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Unread 04-19-2012, 04:50 AM
 
2,594 posts, read 2,103,492 times
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I still write, and I get published in a monthly newsletter. I'm not having problems with creativity but I'm amazed at how subtly different it's been lately, more frank, honest words seem to formulate.
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Unread 04-19-2012, 06:28 AM
 
Location: Virginia
18,465 posts, read 12,570,370 times
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I'm more creative--it's what happens when you have more time but less money. None of my creativity is what you'd call cutting edge. Fortunately I couldn't give a hoot about being cutting edge--I create for the joy of creating and the joy of being frugal, not to be innovative.

The most recent thing I did creatively was to make about 20 cement mushrooms for my garden in the side yard. The garden center wanted $20 a piece for tiny ones, so I made my own set. Much bigger and the whole project cost $8, not $400.

Cement mushrooms may not be fine art, but this project really challenged my creativity. Just figuring out how to make them was creative. Figuring out how to use everyday trash items as molds (so the project didn't cost a fortune) was even more creative. Making them weatherproof and deer proof challenged my creativity, as did adding some elements to attract birds. Painting them was especially creative--they're all different colors and have spots and squiggles and lines. One sort of looks like a pizza. Placing them in the garden also challenged my creativity.

So a very creative project that certainly stimulated my brain, but not in any way cutting edge.
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Unread 04-19-2012, 07:02 AM
 
Location: Long Island
387 posts, read 290,652 times
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I believe creative people are always creative. There are many authors, artists, and musicians in their 80s and 90s. My dad was getting patents on his inventions until he was 80, when a long-term illness finally caught up with him and ended his life.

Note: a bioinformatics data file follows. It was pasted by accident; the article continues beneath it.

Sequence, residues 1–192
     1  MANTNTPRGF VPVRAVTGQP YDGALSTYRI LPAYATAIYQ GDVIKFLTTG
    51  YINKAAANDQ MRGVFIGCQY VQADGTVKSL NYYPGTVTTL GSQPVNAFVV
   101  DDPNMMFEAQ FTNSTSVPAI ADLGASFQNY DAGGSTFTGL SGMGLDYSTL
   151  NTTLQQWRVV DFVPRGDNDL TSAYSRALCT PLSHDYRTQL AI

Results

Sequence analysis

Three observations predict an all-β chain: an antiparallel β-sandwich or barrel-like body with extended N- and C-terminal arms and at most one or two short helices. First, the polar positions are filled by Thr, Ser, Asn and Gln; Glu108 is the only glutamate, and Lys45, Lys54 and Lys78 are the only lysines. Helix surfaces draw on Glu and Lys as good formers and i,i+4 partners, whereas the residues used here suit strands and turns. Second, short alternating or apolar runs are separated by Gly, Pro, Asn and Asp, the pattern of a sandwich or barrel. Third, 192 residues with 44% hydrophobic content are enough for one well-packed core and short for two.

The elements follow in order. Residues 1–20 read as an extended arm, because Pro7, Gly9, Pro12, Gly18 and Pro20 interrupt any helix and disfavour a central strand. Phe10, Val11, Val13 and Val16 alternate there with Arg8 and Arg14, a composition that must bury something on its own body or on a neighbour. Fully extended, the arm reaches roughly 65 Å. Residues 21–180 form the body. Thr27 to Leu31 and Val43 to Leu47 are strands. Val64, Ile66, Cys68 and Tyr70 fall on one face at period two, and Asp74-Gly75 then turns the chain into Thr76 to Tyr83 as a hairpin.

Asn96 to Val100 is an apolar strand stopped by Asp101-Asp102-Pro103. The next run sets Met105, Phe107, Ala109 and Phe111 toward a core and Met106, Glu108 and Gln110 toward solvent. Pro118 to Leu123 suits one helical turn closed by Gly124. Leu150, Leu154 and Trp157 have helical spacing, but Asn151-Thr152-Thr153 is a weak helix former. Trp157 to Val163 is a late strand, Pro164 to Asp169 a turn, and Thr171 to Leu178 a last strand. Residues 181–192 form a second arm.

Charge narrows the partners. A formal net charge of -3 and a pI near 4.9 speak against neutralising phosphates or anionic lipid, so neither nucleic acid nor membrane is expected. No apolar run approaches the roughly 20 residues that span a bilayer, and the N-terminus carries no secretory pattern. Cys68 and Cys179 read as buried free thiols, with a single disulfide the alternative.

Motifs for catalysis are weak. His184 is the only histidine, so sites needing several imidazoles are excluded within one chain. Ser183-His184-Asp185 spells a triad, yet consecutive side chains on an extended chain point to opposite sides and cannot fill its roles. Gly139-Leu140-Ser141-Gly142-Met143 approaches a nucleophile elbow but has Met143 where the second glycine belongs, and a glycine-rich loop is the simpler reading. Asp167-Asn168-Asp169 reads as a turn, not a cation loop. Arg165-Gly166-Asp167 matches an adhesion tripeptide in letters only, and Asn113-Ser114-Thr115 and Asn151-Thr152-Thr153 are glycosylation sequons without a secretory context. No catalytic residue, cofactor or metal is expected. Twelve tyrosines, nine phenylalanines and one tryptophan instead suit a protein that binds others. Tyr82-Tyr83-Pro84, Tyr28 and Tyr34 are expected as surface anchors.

At every age we have the opportunity to reflect our unique and ever-changing view of life in our creative work.
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Unread 04-19-2012, 07:15 AM
 
Location: New England
10,654 posts, read 6,380,080 times
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Quote:
Originally Posted by Caladium View Post
Cement mushrooms may not be fine art, but this project really challenged my creativity. Just figuring out how to make them was creative. Figuring out how to use everyday trash items as molds (so the project didn't cost a fortune) was even more creative. Making them weatherproof and deer proof challenged my creativity, as did adding some elements to attract birds. Painting them was especially creative--they're all different colors and have spots and squiggles and lines. One sort of looks like a pizza. Placing them in the garden also challenged my creativity.
Seems pretty creative to me. I'd love to design a unique birdbath but wouldn't have the slightest clue how to actually make it.
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Unread 04-19-2012, 07:17 AM
 
Location: New England
10,654 posts, read 6,380,080 times
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Quote:
Originally Posted by ipoetry View Post
I still write, and I get published in a monthly newsletter. I'm not having problems with creativity but I'm amazed at how subtly different it's been lately, more frank, honest words seem to formulate.
That's most interesting, going deeper as you get older. Seems like a wonderful reward for all the years of writing.
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Unread 04-19-2012, 09:03 AM
 
Location: Virginia
18,465 posts, read 12,570,370 times
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Quote:
Originally Posted by newenglandgirl View Post